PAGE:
Traditions & Culture

16 – Funeral Rites 2/6 : Wake

Funeral of Yap Tiauw Siong, Semarang, 1953 photograph courtesy of Yap Kioe Bing

A continuous wake was held as long as the coffin was in the house. The wake often lasted 5 or 7 days but could last even longer for those with considerable wealth and status. The date and time of important rites were determined by the astrologer and strictly followed to ensure the well-being of not only the deceased, but also the living.

Relatives and acquaintances could attend the wake at any time of the day but most went to wakes during the evenings. Food and beverages were served to the visitors, and there were often opportunities for visitors to play card games. Members of the family kept the nightly vigil.

There was sometimes a small Chinese orchestra of clarinet, flute, fiddle, gongs and cymbals called “pat im” (⼋⾳) during the wake. The clarinet had a distinctive wailing sound, which gave a tinge sadness to the ambiance. The presence of such an orchestra often was regarded as an indication of a traditional funeral.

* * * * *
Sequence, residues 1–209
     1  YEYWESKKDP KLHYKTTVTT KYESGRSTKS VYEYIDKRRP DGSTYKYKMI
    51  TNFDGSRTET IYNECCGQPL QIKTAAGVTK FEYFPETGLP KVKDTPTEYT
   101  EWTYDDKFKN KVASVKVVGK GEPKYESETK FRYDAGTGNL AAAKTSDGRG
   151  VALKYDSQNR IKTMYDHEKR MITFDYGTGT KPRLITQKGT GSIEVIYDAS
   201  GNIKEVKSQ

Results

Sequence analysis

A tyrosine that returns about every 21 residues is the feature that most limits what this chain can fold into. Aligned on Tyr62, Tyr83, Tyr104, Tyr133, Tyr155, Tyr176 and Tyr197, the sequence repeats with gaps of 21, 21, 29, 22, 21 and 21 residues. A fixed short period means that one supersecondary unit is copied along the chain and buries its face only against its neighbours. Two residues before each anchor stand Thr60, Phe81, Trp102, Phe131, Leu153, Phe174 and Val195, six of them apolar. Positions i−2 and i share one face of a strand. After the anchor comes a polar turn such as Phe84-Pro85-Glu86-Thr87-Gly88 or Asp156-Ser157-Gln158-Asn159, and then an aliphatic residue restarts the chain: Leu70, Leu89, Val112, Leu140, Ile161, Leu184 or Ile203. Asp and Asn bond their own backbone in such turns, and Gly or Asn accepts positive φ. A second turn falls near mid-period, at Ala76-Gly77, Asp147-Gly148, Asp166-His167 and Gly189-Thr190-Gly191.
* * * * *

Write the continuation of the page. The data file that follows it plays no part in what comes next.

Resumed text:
The photo shows a boy serving drinks to the guests at a wake. A small offering table could be seen at the main entrance to the residence. The table was decorated with a “tokwi” (桌围) or altar frontal; the main entrance was draped with a pair of white curtains. Guests were seated at long tables at the verandah. The foreground was filled with wreaths from well-wishers.

Christopher Ng, December 2018

This article is part number 6 of a series of 6 articles regarding Chinese Indonesian funeral rites (in the Dutch East Indies)

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Wibisono, L., Northmore, M., Tjahyadi, R. And Jonathan, M. (eds) (2012):
Indonesian Chinese Peranakan: a cultural journey, Jakarta: Indonesian Cross-Cultural Society and Intisari.